• It was nice that the hermit thrush was still on the Cary Pines Trail. Also nice was to hear two red-shouldered hawks overhead.
  • While tracking yellow-rumped warblers along the Wappinger Creek Trail, I noticed last year's seed balls still hanging in a sycamore.
  • It was also up there that I spotted the yellow-bellied sapsucker - only the 5th one I've seen in the 10 odd years on the trails.
  • Finally some of the trout-lily were blooming.
  • While searching sunny patches for butterflies, I found instead a garter snake.
  • In the Old Pasture, a palm warbler offered several close views.
  • Spicebush was beginning to blossom everywhere, but the most advanced was in the back Old Hayfield.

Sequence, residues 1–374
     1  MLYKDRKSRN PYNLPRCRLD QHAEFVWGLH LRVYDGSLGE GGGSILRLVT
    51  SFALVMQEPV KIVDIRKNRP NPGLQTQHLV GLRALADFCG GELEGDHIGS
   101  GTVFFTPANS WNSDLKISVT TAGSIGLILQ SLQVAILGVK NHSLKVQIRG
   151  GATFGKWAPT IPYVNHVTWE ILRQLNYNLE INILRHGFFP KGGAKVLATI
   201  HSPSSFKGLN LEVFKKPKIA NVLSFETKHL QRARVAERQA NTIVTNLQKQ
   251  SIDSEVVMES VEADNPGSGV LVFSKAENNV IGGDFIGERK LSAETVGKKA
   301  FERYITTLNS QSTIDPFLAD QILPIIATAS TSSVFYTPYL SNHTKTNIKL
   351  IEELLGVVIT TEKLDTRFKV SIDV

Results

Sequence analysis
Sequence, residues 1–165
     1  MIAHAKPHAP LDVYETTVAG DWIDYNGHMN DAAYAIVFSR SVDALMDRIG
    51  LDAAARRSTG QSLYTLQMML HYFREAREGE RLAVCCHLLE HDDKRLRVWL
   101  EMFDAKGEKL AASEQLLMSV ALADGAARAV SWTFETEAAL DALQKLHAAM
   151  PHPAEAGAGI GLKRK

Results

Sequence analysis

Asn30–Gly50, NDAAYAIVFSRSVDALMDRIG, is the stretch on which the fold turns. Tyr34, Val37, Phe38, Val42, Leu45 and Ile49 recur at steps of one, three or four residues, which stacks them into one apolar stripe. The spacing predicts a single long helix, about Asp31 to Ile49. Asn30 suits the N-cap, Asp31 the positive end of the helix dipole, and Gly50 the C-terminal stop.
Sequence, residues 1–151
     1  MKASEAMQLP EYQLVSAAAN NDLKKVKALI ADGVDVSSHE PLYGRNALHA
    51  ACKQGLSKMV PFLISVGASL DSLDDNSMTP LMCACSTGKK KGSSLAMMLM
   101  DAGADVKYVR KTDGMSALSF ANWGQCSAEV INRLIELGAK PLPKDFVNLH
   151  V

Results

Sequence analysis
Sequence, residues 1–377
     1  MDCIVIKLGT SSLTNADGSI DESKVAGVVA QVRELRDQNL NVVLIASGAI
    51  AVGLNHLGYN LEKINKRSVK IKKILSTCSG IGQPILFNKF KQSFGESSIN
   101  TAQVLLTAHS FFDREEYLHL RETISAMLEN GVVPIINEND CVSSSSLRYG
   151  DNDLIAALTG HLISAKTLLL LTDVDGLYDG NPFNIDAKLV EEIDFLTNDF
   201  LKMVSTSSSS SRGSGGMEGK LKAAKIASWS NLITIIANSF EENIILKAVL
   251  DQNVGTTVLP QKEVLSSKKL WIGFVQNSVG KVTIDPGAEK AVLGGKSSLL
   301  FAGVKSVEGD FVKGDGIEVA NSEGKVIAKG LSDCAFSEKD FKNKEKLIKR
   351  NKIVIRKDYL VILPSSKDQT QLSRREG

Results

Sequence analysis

• Along the Sedge Meadow Trail, the common lawn weed ground ivy or more picturesquely, creeping Charlie, was blooming.
  • The early arrival today allowed an early departure to pick up a late arrival at the airport.
Eastern bluebirds
Magnolia
Maple blossoms
Bloodroot
Dutchman's-breeches
Large-flowered trillium
Marsh marigold
American fly honeysuckle budding
American hazelnut catkins
Sycamore seed balls
Trout-lily
Garter snake
Palm warbler
Spicebush blossoms
Ground ivy

Sightings

Birds
  • 2 Mallard
  • 1 Wild Turkey
  • 1 Great Blue Heron
  • 2 Red-shouldered Hawk
  • 1 Yellow-bellied Sapsucker
  • 1 Downy Woodpecker
  • 2 Northern Flicker
  • 2 Pileated Woodpecker
  • 5 Eastern Phoebe
  • 1 American Crow
  • 4 Tree Swallow
  • 5 Black-capped Chickadee